The background of the mural consists of large rainbow coloured stripes on top and black on the bottom.  These were painted by local artists before Okudart finished the piece.

below: Street level

street level part of mural, equilibrium by okudart

below: The church across the street does not have stained glass windows.  The colours are reflections from the mural.

part of mural, equilibrium by okudart, reflected in church windows across the street from it

part of mural, equilibrium by okudart, reflected in church windows across the street from it

The mural was part of the STEPS Initiative Program and it also involved StART (StreetARToronto), the owners of the residence, and a number of other partners.

A Saturday walk about with friends

a group of people walking over the raised pedestrian bridge between the Eaton Centre and the Bay, 4 women, one man and a boy

Looking at people.  Ordinary people.  Going about their summer lives.

man with beard and moustache, one a bike that is stopped in front of a red and white TTC bus, man wearing a blue baseball cap with red Air Canada maple leaf logo on it

young Asian woman under a black umbrella, standing in a TTC bus shelter, reflections off her umbrella of other people, plus a stella artois beer ad

man in an apple store, orange T-shirt, leaning on the counter, with headphones on, looking closely at the screen of a laptop, other men in the store too

a young woman with bright yellow hair tied back in a short ponytail, tattoo covering most of her arms and upper part of body that is visible , wearing sleeveless black top, walking past Cheese Magic shop in Kensington market, Toronto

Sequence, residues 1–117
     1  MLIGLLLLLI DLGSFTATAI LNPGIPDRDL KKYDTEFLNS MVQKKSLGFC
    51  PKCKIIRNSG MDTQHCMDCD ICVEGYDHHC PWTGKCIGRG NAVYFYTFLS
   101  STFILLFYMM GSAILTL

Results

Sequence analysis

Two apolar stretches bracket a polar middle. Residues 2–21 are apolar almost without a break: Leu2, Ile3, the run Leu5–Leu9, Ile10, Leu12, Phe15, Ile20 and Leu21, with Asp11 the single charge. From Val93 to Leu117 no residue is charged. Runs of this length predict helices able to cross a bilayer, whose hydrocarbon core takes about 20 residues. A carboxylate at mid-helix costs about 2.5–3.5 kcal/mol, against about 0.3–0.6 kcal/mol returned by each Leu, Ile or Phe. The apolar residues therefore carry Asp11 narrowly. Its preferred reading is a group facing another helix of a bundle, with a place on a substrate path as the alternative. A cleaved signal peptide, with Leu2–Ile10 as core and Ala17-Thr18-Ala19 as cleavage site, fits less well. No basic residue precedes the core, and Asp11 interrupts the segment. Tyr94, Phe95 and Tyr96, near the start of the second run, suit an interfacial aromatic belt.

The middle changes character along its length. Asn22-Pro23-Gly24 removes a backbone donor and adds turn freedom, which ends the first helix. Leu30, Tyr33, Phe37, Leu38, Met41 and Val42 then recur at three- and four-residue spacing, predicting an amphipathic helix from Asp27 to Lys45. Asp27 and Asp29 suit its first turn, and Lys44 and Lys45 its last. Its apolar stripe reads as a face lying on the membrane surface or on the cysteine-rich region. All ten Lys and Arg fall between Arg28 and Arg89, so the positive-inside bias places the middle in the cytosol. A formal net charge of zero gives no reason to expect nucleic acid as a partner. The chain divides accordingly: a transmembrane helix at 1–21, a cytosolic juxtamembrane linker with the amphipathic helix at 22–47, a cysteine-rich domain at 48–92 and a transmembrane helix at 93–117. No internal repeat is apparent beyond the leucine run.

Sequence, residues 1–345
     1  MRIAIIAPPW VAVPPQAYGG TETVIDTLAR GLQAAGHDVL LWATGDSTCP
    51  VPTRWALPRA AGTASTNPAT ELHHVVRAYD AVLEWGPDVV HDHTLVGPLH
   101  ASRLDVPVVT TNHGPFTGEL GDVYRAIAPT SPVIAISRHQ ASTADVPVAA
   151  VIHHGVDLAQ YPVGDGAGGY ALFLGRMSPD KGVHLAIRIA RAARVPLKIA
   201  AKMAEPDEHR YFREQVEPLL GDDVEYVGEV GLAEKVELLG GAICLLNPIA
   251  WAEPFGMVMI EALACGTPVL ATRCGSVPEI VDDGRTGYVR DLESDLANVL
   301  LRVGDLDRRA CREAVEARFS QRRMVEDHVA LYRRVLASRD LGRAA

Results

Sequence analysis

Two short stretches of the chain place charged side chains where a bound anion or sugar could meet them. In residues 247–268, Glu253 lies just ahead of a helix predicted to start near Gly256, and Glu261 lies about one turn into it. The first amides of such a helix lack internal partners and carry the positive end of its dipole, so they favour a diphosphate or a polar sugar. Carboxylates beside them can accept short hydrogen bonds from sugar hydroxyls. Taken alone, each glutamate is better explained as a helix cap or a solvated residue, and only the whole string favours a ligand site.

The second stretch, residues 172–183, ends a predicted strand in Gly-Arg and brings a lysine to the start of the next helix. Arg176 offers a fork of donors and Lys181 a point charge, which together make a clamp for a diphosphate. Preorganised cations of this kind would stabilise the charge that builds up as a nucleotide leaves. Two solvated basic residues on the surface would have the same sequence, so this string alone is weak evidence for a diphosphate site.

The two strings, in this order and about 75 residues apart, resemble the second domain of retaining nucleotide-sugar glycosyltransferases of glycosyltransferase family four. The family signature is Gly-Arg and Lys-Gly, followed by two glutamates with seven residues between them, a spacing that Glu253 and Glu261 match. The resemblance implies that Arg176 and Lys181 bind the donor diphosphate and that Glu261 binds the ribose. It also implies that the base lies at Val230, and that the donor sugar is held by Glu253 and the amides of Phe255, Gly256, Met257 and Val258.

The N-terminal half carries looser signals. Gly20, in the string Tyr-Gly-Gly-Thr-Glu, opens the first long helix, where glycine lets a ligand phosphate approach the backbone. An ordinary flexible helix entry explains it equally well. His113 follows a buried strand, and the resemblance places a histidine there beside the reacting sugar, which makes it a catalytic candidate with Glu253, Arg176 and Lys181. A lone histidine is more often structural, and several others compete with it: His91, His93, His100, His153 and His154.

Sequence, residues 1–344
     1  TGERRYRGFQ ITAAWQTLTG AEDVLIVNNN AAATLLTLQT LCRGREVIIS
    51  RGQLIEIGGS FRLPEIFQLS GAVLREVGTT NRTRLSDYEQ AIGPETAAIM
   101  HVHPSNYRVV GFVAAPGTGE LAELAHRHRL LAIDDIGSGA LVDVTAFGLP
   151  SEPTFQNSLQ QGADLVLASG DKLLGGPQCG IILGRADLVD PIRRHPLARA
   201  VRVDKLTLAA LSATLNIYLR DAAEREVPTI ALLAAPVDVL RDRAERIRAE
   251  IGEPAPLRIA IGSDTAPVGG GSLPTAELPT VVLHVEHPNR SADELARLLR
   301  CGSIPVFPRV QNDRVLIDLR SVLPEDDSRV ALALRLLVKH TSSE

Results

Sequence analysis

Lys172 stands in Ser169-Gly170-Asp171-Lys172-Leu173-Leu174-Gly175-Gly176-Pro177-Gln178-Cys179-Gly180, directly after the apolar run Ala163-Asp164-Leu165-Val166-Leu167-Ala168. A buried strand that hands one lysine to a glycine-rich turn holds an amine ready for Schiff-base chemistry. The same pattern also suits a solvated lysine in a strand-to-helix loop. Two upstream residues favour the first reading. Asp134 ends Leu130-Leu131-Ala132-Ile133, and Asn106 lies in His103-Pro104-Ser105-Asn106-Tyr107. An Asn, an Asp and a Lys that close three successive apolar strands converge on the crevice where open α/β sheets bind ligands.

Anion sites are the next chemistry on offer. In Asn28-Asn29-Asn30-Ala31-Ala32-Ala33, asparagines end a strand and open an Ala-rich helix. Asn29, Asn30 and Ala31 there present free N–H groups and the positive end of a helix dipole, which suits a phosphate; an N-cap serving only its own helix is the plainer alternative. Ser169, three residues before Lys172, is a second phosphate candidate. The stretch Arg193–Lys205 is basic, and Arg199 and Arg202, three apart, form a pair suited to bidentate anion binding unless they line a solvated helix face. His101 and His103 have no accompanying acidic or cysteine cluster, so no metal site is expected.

two people, one is a woman holding a coffee cup from Jimmys Coffee, she is laughing. The other is black, hair tied back, pink long sleeved shirt and sleeveless jean jacket, scowling,

a tanned older man in sleeveless black shirt leans against metal railing at the Eaton Centre, mannequins in a store window behind him, womens' sporting wear

a man sits with his son on the floor of the Eaton Centre, next to the glass railing. reflections from the railing make it look like there are two boys

looking into the window of a women's wear store, two dresses, on mannequins, each holding a handbag. a red dress and a dress with big red flowers, a red head woman is standing beside the mannequins

people walking across pedestrian bridge between the Eaton Centre and the Bay, one woman has long light pink hair and is wearing jeans with many rips and holes in the front,

a couple sitting in a restaurant, across from each other, in the window, window is open, drinks on the table .  Woman has glass of white wine, man has something orange